Brittany Bernstein of National Review Online reports a significant court ruling against the Biden administration.

A federal appeals court ruled Friday that the Biden administration likely violated the First Amendment by pressuring social-media platforms to censor posts about Covid-19 and elections. 

The Fifth Circuit U.S. Court of Appeals ruling says that the White House likely “coerced the platforms to make their moderation decisions by way of intimidating messages and threats of adverse consequences.” The panel of three judges found that the administration “significantly encouraged the platforms’ decisions by commandeering their decision-making processes, both in violation of the First Amendment.”

A lower court previously placed restrictions on the Biden administration’s communications with social-media platforms; those restrictions applied to a number of government agencies, including the Department of Health and Human Services, the State Department, Homeland Security, and the U.S. Census Bureau.

After temporarily blocking the order, the Fifth Circuit judges have now modified the order to apply only to the White House, the surgeon general, the Centers for Disease Control and Prevention, and the FBI.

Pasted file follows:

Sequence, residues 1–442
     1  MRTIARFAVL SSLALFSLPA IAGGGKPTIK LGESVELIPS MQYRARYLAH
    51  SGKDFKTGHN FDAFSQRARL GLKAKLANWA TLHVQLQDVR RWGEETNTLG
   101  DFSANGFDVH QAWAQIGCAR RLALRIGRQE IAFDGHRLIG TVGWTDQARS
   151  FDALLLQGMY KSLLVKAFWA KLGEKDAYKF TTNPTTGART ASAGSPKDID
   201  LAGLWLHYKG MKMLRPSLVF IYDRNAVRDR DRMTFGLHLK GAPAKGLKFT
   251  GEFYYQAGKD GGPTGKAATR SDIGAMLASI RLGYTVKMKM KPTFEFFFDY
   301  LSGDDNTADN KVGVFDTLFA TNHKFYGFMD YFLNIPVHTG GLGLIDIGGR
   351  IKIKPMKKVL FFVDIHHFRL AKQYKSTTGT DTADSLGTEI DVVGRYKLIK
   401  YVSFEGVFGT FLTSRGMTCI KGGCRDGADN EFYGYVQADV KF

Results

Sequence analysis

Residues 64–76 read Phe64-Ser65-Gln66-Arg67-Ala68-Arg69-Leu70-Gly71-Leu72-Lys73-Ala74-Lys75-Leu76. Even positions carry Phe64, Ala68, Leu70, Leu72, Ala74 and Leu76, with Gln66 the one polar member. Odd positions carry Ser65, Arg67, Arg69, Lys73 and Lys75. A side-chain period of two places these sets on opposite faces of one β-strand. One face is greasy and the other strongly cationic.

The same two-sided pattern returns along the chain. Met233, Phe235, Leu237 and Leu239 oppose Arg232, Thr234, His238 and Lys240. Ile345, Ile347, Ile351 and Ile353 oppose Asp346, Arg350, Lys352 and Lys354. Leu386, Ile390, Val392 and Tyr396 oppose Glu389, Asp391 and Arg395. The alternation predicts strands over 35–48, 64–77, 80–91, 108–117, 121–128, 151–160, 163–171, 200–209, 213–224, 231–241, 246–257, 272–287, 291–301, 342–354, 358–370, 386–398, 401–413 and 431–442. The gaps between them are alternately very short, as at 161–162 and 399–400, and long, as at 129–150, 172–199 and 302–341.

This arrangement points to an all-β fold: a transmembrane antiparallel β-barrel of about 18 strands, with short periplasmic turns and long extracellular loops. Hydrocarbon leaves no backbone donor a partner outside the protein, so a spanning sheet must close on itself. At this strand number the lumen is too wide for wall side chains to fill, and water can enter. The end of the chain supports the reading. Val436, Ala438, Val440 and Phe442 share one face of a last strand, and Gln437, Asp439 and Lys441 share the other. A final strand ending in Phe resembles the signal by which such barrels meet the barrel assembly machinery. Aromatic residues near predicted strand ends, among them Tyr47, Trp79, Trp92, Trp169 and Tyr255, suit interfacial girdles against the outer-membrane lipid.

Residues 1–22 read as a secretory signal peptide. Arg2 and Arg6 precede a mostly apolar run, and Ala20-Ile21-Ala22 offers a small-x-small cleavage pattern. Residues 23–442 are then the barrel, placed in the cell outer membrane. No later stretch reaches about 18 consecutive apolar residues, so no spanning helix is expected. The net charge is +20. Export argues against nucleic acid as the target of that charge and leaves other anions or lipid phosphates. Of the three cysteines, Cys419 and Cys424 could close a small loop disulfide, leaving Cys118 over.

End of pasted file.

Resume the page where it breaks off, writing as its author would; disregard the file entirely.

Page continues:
The judges found that the agencies it has since exempted “were permissibly exercising government speech.”

“That distinction is important because the state-action doctrine is vitally important to our Nation’s operation — by distinguishing between the state and the People, it promotes ‘a robust sphere of individual liberty,’” the judges wrote.

While the Biden White House and CDC allegedly pressured Facebook and YouTube to adopt specific policies around Covid-19 and vaccination-related information, the judges noted the FBI regularly met with tech companies ahead of the 2020 elections. The agency’s activities were “not limited to purely foreign threats,” as the FBI flagged posts that originated inside the U.S. as well, including those that contained incorrect poll hours or mail-in voting procedures.

The court’s decision comes in response to a lawsuit filed by the attorneys general of Louisiana and Missouri last year.